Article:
My wife and I have this exact strategy every year. Since our teams are both in the same conference and division (Pac-12 South), there is always a decent chance one of our teams will make a conference championship. And since the Pac-12 championship is in the Bay Area every year, there are several airports we can choose from when it comes to flying Southwest.

If you need a place to stay

Finding a place to stay for a weekend can be tricky as a college football fan. When I travel to ASU games, I have no problem finding a place to stay as ASU is only 15 minutes east of Phoenix and Phoenix is a big town with lots of options. But if you are a fan of a small-town team like the University of Alabama, hotel and housing options can be slim and extremely expensive on game-day weekends.

Consider a few of these strategies to maximize your dollars and cut your costs:

  • Book as far in advance as possible. College football is something many people travel for, and that means hotels conveniently located near the stadium could fill up quickly.
  • Using points earned from purchases made on one of the best hotel credit cards can save you hundreds of dollars per night. For college football fans, I recommend the World of Hyatt Credit Card. In the World of Hyatt loyalty program, they have an award chart listing out the exact price for each hotel when you pay with points. But if the cash price of their hotel rooms increases because of demand, you still pay the same amount of points. So if you are traveling to a big game, these points alone could save you big bucks.
  • If you like having a rental car when you travel, still consider staying at a hotel closer to the stadium. You may be able to score free parking and walk home from the stadium. For example, the Aloft Tempe is a quick walk from Sun Devil Stadium and has complimentary parking. Before going this route, be sure to weigh the raised cost of staying near the stadium versus parking and fuel costs.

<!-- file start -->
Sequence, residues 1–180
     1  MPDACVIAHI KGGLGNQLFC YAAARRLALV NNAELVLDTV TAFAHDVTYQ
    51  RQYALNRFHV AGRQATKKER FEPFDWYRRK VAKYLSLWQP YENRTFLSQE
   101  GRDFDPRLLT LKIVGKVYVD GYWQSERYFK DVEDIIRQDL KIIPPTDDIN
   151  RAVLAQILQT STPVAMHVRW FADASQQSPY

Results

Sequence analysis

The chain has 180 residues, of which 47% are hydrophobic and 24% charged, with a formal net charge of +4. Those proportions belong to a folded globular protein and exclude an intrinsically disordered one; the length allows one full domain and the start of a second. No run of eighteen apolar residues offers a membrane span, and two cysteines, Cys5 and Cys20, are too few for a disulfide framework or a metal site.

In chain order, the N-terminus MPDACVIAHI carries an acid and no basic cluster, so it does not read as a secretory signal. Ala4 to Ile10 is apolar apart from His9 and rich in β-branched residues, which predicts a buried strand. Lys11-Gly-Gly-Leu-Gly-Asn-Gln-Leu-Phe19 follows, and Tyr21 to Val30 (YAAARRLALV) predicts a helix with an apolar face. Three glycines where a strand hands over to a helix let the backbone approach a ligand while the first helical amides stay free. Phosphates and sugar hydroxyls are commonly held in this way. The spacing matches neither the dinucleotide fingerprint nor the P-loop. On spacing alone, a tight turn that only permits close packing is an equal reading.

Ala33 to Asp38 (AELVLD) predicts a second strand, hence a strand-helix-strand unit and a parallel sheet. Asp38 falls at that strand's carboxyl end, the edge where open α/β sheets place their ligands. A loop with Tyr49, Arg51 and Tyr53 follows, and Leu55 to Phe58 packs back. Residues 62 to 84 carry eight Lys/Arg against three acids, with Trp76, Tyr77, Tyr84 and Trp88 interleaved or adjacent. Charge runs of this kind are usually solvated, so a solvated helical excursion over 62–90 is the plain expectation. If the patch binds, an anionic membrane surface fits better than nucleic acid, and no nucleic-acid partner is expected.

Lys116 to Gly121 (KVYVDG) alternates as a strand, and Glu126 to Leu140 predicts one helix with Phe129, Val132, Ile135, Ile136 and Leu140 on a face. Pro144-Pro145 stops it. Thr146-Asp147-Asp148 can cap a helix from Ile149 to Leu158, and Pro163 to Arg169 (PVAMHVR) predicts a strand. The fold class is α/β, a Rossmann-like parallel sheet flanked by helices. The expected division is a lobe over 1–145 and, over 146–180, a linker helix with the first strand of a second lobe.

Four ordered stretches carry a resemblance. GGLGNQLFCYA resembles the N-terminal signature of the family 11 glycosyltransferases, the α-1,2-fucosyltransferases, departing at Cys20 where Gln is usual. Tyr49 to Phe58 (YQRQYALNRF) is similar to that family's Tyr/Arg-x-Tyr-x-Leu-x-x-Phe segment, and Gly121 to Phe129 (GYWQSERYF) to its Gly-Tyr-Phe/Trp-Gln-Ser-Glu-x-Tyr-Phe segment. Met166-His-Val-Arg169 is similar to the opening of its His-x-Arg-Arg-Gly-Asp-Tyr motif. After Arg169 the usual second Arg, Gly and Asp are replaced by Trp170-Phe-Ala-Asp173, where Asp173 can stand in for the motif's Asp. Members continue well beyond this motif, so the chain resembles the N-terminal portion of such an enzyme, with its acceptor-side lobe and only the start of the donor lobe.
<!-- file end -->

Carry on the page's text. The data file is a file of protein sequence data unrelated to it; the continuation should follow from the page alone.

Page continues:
• If you prefer using rideshare services, you might be better off staying further from the stadium. You may save considerable money or hotel points when it comes to your lodging. For example, below are the hotel prices surrounding Autzen Stadium, the home of the Oregon University Ducks, for a gameday weekend (as of October 31st). As you can see, staying around the stadium (the green area in the center) is significantly more expensive than staying a few miles away. Depending on the number, while you may pay for a rideshare to and from the stadium, you may still save money by doing so.

A College Football Fan's Guide

  • If you are traveling on a budget, consider using a homeshare platform. The largest advantage of this strategy is that if you book a home with a kitchen, you can save on dining costs. Additionally, if you are traveling with multiple people, homesharing can be a great way to divide costs to save even further. Lastly, it can make the experience that much better with unique homes from websites like Rent Like A Champion or Airbnb.

If you are driving a long distance